In Turquoise in America Part Two 1910-1990 one of the important features are the Stories of Turquoise, the first person narrative of the people who made the history of turquoise. In these stories we hear from miners, and those involved in the jewelry trade. One of the central themes of the book is the development of a tourist market for Native American jewelry. Early on the main source of the jewelry was from the trading posts who had close contact with the Native American jewelers and would provide them with silver and turquoise. They in turn obtained their merchandise for trade, including clothing and food items, from the large wholesalers such as Gallup Mercantile.
By the 1960's the trading post system had changed with few posts remaining. Also the large wholesalers no longer dominated as they once had and smaller independent wholesalers became an important part of the marketplace.
When I was interviewing Ernie Montoya he suggested I contact Gilo Lopez of Nakai Trading Post one of the last remaining independent wholesalers from that period. The following are excerpts from that interview.
Can you tell a bit about those early days?
I was out on the reservation. If I could get to the reservation the first five days of the month, I could collect, because all the checks came to the Trading Post. They were a full-service trading post. The Indians got everything on credit. And when the check came into the trader, he would give them a little bit of cash and put the rest on their ticket. And maybe once or twice a year, not all the time, the Indians could clear up the debt with wool or pinon, either one of those two items. In my heart, I'm a pinonero, and it was because I got involved with taking pinon as payment and selling it. For 20 or 30 years, I would pay 50 cents a pound for the pinon and then I'd come into town, and sell it to El Cambio Supermarket, a Jew on Fourth Street that catered to the Hispanic community. He had all the ethnic food there. I would sell it to him for 55 cents, and then he would sell it to the public for 79 cents.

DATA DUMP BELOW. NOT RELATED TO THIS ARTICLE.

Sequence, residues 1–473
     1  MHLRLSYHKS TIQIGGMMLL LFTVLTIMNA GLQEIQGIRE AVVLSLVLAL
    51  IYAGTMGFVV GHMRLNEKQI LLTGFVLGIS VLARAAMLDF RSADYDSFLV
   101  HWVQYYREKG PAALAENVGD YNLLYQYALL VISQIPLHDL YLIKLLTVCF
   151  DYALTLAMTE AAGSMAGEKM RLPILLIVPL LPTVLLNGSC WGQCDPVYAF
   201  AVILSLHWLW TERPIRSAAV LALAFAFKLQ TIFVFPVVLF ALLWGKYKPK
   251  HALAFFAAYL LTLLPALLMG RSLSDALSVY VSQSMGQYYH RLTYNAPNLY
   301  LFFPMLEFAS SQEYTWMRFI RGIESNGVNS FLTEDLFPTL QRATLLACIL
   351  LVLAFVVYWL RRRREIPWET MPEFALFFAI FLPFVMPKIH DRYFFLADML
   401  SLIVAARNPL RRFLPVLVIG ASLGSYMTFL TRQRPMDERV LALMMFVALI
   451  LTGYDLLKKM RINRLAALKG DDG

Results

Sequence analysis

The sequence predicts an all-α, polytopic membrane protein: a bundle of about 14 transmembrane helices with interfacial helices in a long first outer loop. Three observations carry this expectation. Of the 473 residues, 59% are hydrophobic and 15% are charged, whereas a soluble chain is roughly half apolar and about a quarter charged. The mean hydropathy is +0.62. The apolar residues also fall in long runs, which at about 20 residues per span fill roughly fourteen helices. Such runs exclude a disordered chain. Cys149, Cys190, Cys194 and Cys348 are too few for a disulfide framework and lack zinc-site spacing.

When did you start? You were telling about buying the pinon and making the collection. When would that have been?
In the 60s. And for 20 years, I bought pinon for 50 cents and sold it for 55. There was a guy named Mel Montoya that had Big Chief, who would package it in little bags for a buck. And maybe, if it was a thousand pounds of pinon, maybe I made 50 bucks. If there's 30 sacks, and they docked me a dollar a sack, instead of making 50 bucks, I only made 20 bucks. I was keeping my accounts current, as much as I could, because I couldn't see all the trading posts every day of the month. But what happened, one time, I was on the North Rim of the Grand Canyon and this guy gave me a huge back-to-school order. I used to have a station wagon, and I had suitcases with samples of different blouses, shirts, which I never used because they only asked me for Levis, Wranglers, tennis shoes, trunks, stuff like that. So, this guy asked me, "are you going to Gallup on your way home?" And I said, "yeah, back to Albuquerque." He said, "John Kennedy is late in coming up here to buy all my saddle blankets." I said, "what's a saddle blanket?" And he told me, they're all wool saddle blankets and there's 30 by 30, and 30 by 60. And the 30 by 30 is 6 bucks, and the 30 by 60 is 12 bucks. So, he says, "go by John Kennedy, and he'll pay you, and then you pay my bill. You get the money, and you pay, and everybody's happy." He took me in the back room, and rugs were piled up like newspapers.